Journal of Toxicology and Environmental Health Sciences
Subscribe to JTEHS
Full Name*
Email Address*

Article Number - E7F98D563020


Vol.9(3), pp. 23-28 , March 2017
DOI: 10.5897/JTEHS2016.0378
ISSN: 2006-9820



Full Length Research Paper

Herbal teas heavy metal evaluation with renal function assessment in regular consumers in Benin



Allabi A. C.
  • Allabi A. C.
  • Laboratoire National des Stupéfiants et de Toxicologie (LNST), 01 BP 188 Cotonou, Benin.
  • Google Scholar
Adounkpe F.
  • Adounkpe F.
  • Laboratoire National des Stupéfiants et de Toxicologie (LNST), 01 BP 188 Cotonou, Benin.
  • Google Scholar
Vigan J.
  • Vigan J.
  • Unité de Néphrologie du CNHU-UKM, 01 BP 188 Cotonou, Benin.
  • Google Scholar
Gbegbe M.
  • Gbegbe M.
  • Unité de Pharmacologie, Faculté des Sciences de la Santé, Université d’Abomey-Calavi, 01 BP 188 Cotonou, Benin.
  • Google Scholar
Topanou A.
  • Topanou A.
  • Laboratoire National des Stupéfiants et de Toxicologie (LNST), 01 BP 188 Cotonou, Benin.
  • Google Scholar
Fayomi B.
  • Fayomi B.
  • Unité de Médecine du Travail, 01 BP 188 Cotonou, Benin.
  • Google Scholar







 Received: 27 December 2016  Accepted: 25 January 2017  Published: 31 March 2017

Copyright © 2017 Author(s) retain the copyright of this article.
This article is published under the terms of the Creative Commons Attribution License 4.0


Herbal teas are openly sold in markets and main streets of big cities like Cotonou in Benin. Most people treat themselves at low cost with wide variety of herbal plants with proven therapeutic properties. The purpose of this research was to evaluate the content of heavy metals in herbal teas sold daily in Cotonou. In addition, we would evaluate if this heavy metal content of herbal teas could affect the renal function of regular consumers. Therefore, herbal teas samples were collected from selected sellers at well-known places. Samples’ analyses were done by reverse anodic stripping voltammetry with the Metalyser HM 3000 coupled to PC 101 NT pump. Biological markers of kidney failure in blood and urine of regular consumers were also assessed. Renal creatinine clearance and albuminuria were measured, the ratio of micro-albuminuria/creatininuria was calculated, and then red and white blood cells were counted. The results indicate that 7.69 and 30.77% of the herbal teas samples displayed an abnormal high concentration in cadmium (Cd) and lead (Pb) concentration, respectively. Statistical significant difference was found between the analyzed herbal tea samples in regard to Cd and Pb content (P ˂ 0.01). No obvious biological sign of severe kidney damage has been noted among regular consumers using their blood and urine samples. Only 8.60% of them had clearances between 60 and 89 ml/min/1.73 m2 with mild kidney failure. This study indicates that some herbal teas contain toxic chemicals such as Cd and Pb over recommended limits of 3 and 10 µg/L, respectively. The regular consumption of these herbal teas could be health threatening for the population.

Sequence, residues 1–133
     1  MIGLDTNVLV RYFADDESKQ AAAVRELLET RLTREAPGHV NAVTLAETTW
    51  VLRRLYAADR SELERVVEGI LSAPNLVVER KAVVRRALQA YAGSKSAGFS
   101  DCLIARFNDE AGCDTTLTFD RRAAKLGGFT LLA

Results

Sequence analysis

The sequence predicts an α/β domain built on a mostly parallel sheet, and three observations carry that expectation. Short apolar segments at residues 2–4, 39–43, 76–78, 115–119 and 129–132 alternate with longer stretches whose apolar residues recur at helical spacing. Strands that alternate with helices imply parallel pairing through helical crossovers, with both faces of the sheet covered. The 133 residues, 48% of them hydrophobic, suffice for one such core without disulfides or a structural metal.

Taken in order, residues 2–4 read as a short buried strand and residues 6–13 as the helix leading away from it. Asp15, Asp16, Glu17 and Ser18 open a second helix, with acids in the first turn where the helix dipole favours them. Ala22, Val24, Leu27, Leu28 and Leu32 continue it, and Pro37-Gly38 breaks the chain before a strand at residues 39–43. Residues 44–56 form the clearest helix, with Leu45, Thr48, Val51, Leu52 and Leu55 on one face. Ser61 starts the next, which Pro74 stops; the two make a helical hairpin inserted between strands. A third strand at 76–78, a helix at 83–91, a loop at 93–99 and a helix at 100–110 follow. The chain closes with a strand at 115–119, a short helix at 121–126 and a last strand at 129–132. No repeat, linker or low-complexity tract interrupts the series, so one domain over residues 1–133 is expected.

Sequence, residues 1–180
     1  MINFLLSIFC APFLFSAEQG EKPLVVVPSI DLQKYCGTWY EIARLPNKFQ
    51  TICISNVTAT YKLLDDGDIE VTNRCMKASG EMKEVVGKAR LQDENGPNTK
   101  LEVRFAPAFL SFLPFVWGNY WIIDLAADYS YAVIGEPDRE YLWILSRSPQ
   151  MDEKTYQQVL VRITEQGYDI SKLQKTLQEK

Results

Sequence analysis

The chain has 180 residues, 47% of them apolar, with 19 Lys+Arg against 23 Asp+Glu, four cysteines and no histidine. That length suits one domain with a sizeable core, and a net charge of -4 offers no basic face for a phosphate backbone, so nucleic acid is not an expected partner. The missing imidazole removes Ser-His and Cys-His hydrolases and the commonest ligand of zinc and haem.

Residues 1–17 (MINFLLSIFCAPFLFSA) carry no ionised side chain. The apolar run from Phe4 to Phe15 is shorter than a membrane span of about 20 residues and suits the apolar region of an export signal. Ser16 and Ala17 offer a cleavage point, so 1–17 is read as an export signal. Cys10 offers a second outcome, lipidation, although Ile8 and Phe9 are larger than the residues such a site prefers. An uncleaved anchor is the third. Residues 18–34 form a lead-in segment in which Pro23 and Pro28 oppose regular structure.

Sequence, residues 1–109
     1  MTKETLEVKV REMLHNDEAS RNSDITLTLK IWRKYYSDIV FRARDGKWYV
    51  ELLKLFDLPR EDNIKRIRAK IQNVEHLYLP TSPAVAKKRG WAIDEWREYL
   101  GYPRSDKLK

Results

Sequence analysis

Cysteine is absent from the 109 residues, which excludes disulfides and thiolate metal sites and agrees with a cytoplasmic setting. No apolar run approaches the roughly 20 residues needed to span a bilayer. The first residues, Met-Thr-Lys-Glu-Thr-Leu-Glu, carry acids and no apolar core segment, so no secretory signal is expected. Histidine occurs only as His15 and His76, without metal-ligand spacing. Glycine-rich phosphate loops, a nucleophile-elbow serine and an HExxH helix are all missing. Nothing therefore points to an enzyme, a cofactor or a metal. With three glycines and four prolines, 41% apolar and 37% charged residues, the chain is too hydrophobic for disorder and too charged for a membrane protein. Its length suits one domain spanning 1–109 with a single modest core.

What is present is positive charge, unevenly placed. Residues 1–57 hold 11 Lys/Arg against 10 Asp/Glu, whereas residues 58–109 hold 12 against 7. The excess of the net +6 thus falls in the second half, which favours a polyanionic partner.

Key words: Herbal teas, heavy metals, environmental pollution, human renal function, anodic stripping voltammetry.

Adam S, Edorh P, Totin H (2010). Pesticides and heavy metals in the drinking water, soils and sediments of the cotton belt Gogounou, Kandi and Banikoara (Benin). Int. J. Biol. Sci. 4(4):1170-1179.

 

Baranowska I, Srogi K, Włochowicz A, Szczepanik K (2002). Determination of heavy metal contents in samples of medicinal herbs. Polish J. Environ. Stud. 11(5):467-471.

 
 

Baranowska I, Srogi K, Włochowicz A, Szczepanik K (2002). Determination of heavy metal contents in samples of medicinal herbs. Polish J. Environ. Stud. 11(5):467-471.

 
 

Bismuth C, Baud F, Conso F (2000). Clinic Toxicology. 5 editions. Paris: Flammarion. P 1092.